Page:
LONDON (Reuters) - Britain’s lights will stay on even without new nuclear power plants replacing the ageing reactors which are set to close in the next few years, energy secretary Chris Huhne said on Thursday.
Reiterating that the government will not block new nuclear builds, Huhne said that nuclear’s contribution to power generation could fall below the current 20 percent level with no risk of an energy gap if there was sufficient investment in other sources.
“If we set the right framework for low carbon generation, then the market will deliver enough with the right mix. If that includes nuclear, that’s envisaged in the coalition agreement, then that will be up to investors,” Huhne added at the sidelines of the UK Energy Summit conference.
Earlier in the conference, he said that gas-fired power plants could also be constructed if necessary to prevent any shortages.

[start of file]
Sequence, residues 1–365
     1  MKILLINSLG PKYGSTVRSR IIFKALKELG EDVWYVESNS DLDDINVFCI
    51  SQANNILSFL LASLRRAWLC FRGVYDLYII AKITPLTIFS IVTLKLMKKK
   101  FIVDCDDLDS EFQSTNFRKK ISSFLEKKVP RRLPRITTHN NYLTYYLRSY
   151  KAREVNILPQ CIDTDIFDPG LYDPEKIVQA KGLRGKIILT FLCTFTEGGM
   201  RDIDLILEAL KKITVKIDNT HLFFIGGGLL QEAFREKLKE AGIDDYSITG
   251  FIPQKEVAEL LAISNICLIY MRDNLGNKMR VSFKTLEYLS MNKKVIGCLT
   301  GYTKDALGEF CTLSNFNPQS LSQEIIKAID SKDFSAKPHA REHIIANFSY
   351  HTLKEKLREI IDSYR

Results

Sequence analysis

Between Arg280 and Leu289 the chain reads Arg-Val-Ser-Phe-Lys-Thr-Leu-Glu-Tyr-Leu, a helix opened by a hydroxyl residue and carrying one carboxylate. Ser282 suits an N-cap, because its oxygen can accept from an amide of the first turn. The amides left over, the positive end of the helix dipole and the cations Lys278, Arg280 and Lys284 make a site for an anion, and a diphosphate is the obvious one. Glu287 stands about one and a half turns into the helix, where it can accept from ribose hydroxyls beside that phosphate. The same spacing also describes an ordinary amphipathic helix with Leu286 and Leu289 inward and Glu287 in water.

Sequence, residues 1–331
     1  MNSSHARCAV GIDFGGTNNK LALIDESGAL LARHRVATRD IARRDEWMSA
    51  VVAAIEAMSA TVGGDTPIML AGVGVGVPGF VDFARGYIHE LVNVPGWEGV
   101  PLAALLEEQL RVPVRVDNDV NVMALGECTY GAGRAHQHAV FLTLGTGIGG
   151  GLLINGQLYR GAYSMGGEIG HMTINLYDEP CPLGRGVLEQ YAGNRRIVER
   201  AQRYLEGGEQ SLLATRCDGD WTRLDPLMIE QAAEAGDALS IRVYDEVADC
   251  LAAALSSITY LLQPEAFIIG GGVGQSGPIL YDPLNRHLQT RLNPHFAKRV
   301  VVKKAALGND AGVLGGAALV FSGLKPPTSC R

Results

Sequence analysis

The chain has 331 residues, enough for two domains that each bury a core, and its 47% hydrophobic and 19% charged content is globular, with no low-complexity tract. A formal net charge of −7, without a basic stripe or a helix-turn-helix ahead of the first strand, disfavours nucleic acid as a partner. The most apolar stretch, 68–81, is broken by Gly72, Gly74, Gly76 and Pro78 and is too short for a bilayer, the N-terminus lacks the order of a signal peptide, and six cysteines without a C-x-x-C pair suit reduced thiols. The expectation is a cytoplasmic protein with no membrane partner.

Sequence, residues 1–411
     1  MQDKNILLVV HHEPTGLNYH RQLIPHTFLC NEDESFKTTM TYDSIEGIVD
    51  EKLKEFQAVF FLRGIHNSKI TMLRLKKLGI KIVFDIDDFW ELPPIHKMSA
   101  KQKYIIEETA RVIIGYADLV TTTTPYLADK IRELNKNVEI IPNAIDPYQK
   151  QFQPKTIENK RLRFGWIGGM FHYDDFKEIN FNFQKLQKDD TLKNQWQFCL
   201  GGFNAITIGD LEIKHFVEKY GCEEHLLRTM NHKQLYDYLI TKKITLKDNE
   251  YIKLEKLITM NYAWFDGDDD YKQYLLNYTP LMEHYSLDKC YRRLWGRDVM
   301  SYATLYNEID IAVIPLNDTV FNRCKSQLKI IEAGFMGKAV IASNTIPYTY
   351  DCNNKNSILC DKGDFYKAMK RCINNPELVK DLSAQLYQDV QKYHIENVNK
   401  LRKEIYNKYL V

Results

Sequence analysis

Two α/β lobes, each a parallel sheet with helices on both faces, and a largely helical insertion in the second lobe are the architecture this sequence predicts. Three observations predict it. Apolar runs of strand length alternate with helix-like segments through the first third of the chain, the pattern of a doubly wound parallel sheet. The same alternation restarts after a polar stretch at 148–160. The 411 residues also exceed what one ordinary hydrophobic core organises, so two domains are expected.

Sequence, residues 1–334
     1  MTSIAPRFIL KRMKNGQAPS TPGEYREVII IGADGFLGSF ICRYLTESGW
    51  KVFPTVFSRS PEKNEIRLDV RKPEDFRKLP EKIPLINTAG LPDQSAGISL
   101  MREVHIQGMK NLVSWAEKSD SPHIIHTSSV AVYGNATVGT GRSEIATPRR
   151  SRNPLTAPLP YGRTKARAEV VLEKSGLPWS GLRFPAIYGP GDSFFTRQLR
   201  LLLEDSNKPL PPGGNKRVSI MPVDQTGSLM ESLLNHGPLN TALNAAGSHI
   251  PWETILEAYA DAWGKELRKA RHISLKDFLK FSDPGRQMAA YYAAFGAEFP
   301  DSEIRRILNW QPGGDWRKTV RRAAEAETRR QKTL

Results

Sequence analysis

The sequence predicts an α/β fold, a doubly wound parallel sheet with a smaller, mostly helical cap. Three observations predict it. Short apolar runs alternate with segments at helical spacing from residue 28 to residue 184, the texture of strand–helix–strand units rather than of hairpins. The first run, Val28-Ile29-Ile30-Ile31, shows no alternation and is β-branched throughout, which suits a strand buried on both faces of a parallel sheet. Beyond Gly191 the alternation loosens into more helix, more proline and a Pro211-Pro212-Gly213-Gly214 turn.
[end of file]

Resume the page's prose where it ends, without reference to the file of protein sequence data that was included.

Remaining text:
“In extremis, if there is a supply problem, we can put up a gas generation plant in 18 months,” he said.
Huhne again said that new nuclear plants would receive no government money, but would not be blocked under a coalition government of pro-nuclear Conservatives and anti-nuclear LibDems.
“The coalition agreement is clear that new nuclear can and will go ahead, but only so long as there is no public subsidy, a pledge robustly guaranteed by the state of the public finances,” he said.
Britain is set to lose significant electricity generation capacity over the coming decades as old coal and nuclear plants are set to close, causing some to warn of an energy gap before 2020 with new renewables sources such as wind unable to compensate.
Editing by Keiron Henderson
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